copyright © by sophia kell hagin
all rights reserved
I don’t have tits anymore. Before they were taken, each one weighed more than two pounds, splattering and lurching all over the space in front of my chest like a couple of drunks. Sweaty, weary drunks.
My breasts went crazy gradually. Didn’t much wear a bra ’til I was 30, passed the pencil test for a decade after that. But time and gravity took their toll and eventually they became 40Ds, pulling my shoulders into a curl as I worked. At night, stiff and aching, I’d often carry them upstairs, holding them high and calm and quiet, one in each hand, as I went. Even so, I growled when Susan said “breast reduction.”
Then, in one devastating afternoon, that looming discussion became moot.
On the first anniversary of September 11, 2001, I was watching the somber ceremonies and interviews on a blurry waiting-room TV, my breasts wrapped in an oft-laundered hospital gown as I waited to get the all-clear on my annual mammogram. Then came my turn to meet with the radiologist who'd just reviewed the images of my 40Ds...
Right after my chirpy (defensive optimism) hello, he gently pointed to a small but unmistakable spot that wasn’t visible on last year’s pictures. My stomach was already twisting tightly when he said he wanted to do a biopsy. Right then. By the time I got back to his dark little office after retrieving Susan from the waiting room, I could feel the buzz through the Breast Centre’s back hallway: They had a hot one.
Everyone says I handled it really well. Like there’s a choice. I suppose I could've indulged in a freak-out — you know, cry, lose control, whine about “why me?” I'd glanced at the people on the Breast Centre waiting room TV mourning those they'd lost on 9/11 and I thought, “Why not me?”
Anyway, how would whining help? This is one you can’t get out of. So I looked at It, my stomach unclenching as I heard a nearly imperceptible whisper just behind my ears chanting ‘omigod, omigod, omigod . . .”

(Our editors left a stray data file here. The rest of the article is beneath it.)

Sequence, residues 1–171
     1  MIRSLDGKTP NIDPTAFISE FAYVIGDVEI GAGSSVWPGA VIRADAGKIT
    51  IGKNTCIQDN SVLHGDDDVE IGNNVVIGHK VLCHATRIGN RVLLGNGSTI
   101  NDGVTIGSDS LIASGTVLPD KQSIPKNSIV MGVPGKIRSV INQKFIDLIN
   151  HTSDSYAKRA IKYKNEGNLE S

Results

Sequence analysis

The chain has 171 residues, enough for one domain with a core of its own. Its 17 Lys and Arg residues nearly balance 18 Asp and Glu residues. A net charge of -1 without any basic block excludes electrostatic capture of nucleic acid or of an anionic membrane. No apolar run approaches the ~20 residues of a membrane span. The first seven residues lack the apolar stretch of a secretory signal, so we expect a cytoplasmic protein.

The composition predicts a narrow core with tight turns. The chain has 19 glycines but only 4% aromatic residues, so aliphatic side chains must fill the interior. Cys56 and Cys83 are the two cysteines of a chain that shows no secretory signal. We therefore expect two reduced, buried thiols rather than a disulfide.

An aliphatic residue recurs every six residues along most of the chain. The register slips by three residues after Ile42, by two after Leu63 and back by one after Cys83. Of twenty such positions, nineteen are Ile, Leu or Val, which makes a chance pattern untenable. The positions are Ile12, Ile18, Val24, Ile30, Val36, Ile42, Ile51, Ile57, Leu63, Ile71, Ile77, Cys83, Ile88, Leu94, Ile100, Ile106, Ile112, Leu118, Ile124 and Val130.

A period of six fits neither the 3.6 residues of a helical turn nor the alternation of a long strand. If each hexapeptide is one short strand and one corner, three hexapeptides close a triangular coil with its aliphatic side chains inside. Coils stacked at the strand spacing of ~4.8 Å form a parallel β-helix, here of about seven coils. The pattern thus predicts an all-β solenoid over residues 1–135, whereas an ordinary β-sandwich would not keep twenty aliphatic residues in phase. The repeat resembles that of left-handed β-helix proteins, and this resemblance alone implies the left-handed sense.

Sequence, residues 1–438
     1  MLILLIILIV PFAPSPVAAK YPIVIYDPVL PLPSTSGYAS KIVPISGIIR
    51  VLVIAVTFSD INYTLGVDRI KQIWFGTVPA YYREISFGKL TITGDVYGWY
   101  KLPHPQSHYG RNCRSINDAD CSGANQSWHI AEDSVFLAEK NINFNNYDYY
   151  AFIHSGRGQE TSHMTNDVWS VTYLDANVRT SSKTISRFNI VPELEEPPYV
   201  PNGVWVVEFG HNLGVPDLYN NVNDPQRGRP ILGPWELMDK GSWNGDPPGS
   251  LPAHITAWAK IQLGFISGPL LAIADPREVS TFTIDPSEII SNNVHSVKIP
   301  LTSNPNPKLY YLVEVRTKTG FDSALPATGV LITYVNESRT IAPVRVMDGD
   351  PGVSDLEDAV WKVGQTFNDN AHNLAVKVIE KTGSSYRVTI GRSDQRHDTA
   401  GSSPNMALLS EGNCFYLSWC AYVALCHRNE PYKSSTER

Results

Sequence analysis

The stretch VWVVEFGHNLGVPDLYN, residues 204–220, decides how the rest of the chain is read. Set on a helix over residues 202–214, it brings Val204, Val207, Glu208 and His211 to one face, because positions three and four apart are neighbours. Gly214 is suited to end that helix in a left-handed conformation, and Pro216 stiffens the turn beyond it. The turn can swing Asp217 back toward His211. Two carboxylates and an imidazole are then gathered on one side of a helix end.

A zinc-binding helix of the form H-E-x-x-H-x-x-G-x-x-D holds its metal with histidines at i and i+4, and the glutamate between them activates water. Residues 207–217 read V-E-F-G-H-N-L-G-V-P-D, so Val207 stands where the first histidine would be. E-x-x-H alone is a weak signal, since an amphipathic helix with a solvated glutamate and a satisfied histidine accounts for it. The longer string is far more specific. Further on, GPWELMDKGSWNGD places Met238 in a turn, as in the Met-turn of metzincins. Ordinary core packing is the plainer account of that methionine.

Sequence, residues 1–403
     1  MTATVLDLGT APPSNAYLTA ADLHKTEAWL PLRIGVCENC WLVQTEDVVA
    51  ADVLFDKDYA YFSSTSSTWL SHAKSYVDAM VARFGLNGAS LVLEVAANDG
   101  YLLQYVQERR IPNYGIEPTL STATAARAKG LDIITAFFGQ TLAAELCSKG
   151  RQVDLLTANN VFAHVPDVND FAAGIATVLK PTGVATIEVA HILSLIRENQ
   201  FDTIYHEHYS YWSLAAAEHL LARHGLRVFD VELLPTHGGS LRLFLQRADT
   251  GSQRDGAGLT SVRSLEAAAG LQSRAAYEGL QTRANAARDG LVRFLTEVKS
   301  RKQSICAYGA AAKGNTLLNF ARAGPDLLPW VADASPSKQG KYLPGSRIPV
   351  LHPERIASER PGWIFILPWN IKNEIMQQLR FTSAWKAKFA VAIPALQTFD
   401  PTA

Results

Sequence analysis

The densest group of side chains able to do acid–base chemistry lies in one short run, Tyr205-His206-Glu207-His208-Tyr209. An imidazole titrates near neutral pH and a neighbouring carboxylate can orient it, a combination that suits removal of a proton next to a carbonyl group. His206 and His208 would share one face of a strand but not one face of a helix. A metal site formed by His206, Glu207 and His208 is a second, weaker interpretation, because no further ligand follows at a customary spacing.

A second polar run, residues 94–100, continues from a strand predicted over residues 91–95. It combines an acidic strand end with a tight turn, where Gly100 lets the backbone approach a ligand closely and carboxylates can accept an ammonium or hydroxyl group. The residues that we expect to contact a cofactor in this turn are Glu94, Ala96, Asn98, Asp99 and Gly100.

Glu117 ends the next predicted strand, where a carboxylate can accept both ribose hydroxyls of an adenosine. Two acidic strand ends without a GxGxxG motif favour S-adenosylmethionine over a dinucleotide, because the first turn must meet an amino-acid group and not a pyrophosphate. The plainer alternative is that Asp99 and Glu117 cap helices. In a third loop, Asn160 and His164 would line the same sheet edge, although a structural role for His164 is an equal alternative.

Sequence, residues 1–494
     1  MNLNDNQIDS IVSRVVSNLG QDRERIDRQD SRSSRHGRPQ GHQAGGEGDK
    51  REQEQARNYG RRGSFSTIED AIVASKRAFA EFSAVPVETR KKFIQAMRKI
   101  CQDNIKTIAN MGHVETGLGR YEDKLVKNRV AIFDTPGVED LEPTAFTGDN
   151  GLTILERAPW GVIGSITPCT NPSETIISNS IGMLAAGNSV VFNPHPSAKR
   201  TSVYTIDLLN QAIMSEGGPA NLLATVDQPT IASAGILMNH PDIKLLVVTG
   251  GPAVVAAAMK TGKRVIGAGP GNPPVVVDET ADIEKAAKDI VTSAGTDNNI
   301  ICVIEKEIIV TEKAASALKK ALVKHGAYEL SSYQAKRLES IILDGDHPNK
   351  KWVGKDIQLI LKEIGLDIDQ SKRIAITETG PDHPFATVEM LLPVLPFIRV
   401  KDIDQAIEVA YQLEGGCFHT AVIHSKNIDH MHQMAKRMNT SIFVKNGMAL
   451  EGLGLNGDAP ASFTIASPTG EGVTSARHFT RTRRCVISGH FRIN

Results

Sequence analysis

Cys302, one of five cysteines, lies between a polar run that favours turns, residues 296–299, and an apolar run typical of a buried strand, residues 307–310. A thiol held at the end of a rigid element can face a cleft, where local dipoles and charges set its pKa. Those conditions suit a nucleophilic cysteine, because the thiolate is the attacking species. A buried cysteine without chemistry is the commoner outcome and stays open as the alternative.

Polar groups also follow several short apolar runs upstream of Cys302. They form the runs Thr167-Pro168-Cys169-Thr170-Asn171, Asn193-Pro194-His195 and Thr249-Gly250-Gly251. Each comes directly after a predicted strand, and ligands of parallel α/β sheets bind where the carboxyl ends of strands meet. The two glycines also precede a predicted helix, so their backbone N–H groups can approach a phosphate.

I was looking at my death. Mine and no one else’s. And My Death looked back at me, looked me in the eye, an ephemera in the doorway of another dark little room where the radiologist poked in his enormous biopsy needle, fishing in my right breast for the best angle from which to take a core — like an ice core — of the tumor he found.
Susan was wide-eyed, too, but had already yielded to our new reality, traversing in mere seconds from a dumbfounded “What?!?” to the protector’s quiet, grim courage. While the radiologist and technician worked, she hovered nearby, listening hard to everything they said, searching for what they saw in the undulating ultrasound image, already engaged in the dawning battle.
“Plan to come back tomorrow for another biopsy if this one’s negative,” the radiologist told me as I got ready to go home, “because ‘negative’ probably means I missed it.”
He didn’t miss it. It was a 0.60-centimeter invasive ductile carcinoma. And so began six months of combat.
I had a lot of decisions to make and the choices I made range, I guess, from the cautious to the unorthodox. I no longer have tits because I opted for a bilateral mastectomy (that is to say, take ’em both) rather than the recommended lumpectomy/radiation on my right breast. My chief reasons:
- The fairly high rate of cancer recurrence, either in the same or the other breast, would spawn way more anxiety than I wanted to deal with if I didn’t have to.
- Having no breasts makes mammograms forever moot; I thought this was worth it because
(1) Post-radiation scar tissue results in tougher-to-read mammograms, which ups the odds that recurrence would not be discovered as early as possible;
(2) After lymph nodes are removed during a lumpectomy, the affected breast can be impacted by lymphedema, so mammograms (which breast cancer patients with surviving breasts have plenty of after their diagnoses) are even more painful — nor is it entirely clear (to me, anyway) that post-lumpectomy mammograms don’t trigger swelling in large-breasted women.
- Susan had a vision: “I saw you standing there, giving some guy directions,” she said to me with a smile, “and you looked just great!”
I concluded after the fact that I’d made the right decision when the pathologist who sliced and diced through all that breast tissue found an undiagnosed lobular in situ (pre-cancerous) tumor in my left breast.
It’s trying to kill me
Unfortunately, that wasn’t all the pathologist found. Although the lymph nodes taken by my surgeon were clean, he (and the others we went to for additional opinions) noticed ‘an LVI focus’ — at least one cancerous cell loose somewhere in my lymphatic/vascular system between the tumor and my lymph nodes. Even though it was very small, maybe my cancer had already metastasized. Maybe it was already in a lymph node not taken by the surgeon, a lymph node still in me.
So should I do chemo? How much would it improve my odds of surviving this?
First one oncologist, then another, went through the numbers, such as they were: X percent of people who do this survive five or more years, while Y percent of people who do that survive...